2

Suppose I have a message broker that allows consumers to specify a batch size. What are the advantages and disadvantages of consuming events in batches compared to consume them one by one?

The obvious advantage I could think of is increased speed. As a drawback, higher delay, which will be more noticeable the lower the speed at which events get published.

2

A batch interface usually means that the code is designed or optimized to process the records all at once instead of one by one at a time. Many systems have optimized methods for loading or processing batches of data. This means you get faster throughput as opposed to individual processing. Usually batch processing is done at certain intervals and is less real time in nature.

The system is less chatty because data is coming in bigger chunks.

Downsides are if one record fails, the entire batch is failed unless there is a failure/recovery mechanism in place that removes the troublesome data and re-runs the batch automatically. This can become complex.

Also, true batch processing should give you a bump in throughput. If there is a batch but actual processing is one at a time, then the batch interface is not really needed. The only benefit in that case is less back and forth communication.

1

As has been stated, the advantage of batch processing is performance, or perhaps more accurately can be performance.

Specifically, most RDBMS systems are much, much faster at writing lots at a time rather than what DB people know as RBAR ("row by agonizing row" processing). If you expect many records to be arriving rapidly, there can be multiple-orders-of-magnitude difference in the ingestion speed. I wrote an article on this several years ago, which you can find here https://www.sqlservercentral.com/blogs/soa-and-message-based-integration-the-challenge-of-bulk-data-changes

The tl:dr version is that in my demo a 20,000 row write to SQL Server took 228 times longer to complete if you write the rows one at a time than it did writing them all at once as a set.

Writing to in-memory, non-locking relational, like SQL Server in-memory (aka Hekaton), or to key-value stores, typically does not suffer as much from this.

As mentioned by Jon Raynor, the downside to batching is error handling. In the best case it typically means reprocessing a whole batch, which is obviously more costly than reprocessing a single message. In the worst case, where messages have an inherent order that must be preserved and subsequent messages can modify the same state as prior messages in non-idempotent ways, this can imply a very expensive - and perhaps logically complicated - rollback operation. Transactional systems which provide built in rollback capabilities (ACID databases) of course remove the complication of rollback, but not the IO cost.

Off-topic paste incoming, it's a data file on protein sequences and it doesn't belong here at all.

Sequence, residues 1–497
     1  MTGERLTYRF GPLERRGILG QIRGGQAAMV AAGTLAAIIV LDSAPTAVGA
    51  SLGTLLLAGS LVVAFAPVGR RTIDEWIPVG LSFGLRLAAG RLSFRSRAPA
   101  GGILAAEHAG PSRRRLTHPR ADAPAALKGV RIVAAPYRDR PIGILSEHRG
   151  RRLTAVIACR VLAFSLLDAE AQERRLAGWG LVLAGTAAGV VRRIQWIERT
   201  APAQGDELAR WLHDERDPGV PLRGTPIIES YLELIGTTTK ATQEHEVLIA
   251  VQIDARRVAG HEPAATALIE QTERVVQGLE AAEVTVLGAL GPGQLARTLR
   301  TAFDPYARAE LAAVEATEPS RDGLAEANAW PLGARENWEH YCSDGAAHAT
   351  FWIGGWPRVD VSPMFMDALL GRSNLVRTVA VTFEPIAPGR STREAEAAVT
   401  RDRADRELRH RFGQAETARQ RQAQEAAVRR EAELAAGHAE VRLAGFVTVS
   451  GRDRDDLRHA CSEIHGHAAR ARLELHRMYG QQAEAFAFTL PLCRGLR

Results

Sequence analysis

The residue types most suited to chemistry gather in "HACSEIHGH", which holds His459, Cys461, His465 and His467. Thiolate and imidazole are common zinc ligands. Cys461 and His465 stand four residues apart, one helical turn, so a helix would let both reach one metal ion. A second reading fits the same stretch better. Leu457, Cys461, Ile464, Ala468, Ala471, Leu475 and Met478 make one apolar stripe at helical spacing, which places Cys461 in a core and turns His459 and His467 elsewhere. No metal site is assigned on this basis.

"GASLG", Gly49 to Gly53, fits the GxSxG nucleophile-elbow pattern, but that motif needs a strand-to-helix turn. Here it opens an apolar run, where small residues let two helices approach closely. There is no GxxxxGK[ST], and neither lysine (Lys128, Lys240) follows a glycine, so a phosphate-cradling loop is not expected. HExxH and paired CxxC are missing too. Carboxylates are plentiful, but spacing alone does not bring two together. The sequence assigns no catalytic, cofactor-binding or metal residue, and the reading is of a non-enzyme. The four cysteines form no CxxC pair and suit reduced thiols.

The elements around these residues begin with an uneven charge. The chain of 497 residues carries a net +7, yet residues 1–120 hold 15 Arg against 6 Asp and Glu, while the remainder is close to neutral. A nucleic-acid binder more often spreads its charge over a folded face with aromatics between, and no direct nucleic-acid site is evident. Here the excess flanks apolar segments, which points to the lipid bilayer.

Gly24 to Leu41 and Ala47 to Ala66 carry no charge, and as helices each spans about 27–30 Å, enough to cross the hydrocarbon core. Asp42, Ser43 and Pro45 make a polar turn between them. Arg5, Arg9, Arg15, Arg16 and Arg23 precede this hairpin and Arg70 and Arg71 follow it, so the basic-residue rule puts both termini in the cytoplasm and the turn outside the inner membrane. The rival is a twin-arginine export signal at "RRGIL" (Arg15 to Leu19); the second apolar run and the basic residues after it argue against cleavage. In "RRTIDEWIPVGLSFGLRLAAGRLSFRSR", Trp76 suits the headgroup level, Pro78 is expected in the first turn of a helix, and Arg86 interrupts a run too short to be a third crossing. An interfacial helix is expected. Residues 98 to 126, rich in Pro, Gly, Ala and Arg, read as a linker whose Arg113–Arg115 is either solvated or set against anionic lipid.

Note that batched processing does not necessarily mean higher latency in achieving consistency between your systems. Batching does not imply waiting for a buffer to fill up to a certain size before processing the incoming messages. Indeed, this is not a logically sound approach, since there is no way to know whether or not more messages will be arriving "any time soon", so you never know when to process the batch if you try to do it this way. Rather, batched processing simply means taking the messages available in your pipeline right now - however many there may be - and processing all of them at once.

The logical implication of this is that if your message consumption rate at the subscriber(s) is able to keep up with your peak message generation rate during burst times, the batch size is never greater than one. Therefore you pay for the additional cost of batch processing logic, but for no good reason.

If you want a simple set of rules for deciding which way to go, I propose the following: If you are writing to an ACID relational database, and if you ever get spikes in message generation rates (eg, large transactions on publisher systems updating thousands or tens of thousands of rows in a single transaction), then go with batched writes at the subscriber side. The performance cost of not doing so can be crippling. For example, an end-of-month process where I work takes 15 minutes to complete at the publisher side, but 8 - 12 hours to write to the CRM system via one-at-a-time web api calls, because it does not support batched writes.

On the other hand, if you don't have large amounts of messages being generated rapidly by publishers (whether consistently, or in bursts), then stick with one-at-a-time processing. It's easier to code.

Your Answer

By clicking “Post Your Answer”, you agree to our terms of service, privacy policy and cookie policy

Not the answer you're looking for? Browse other questions tagged or ask your own question.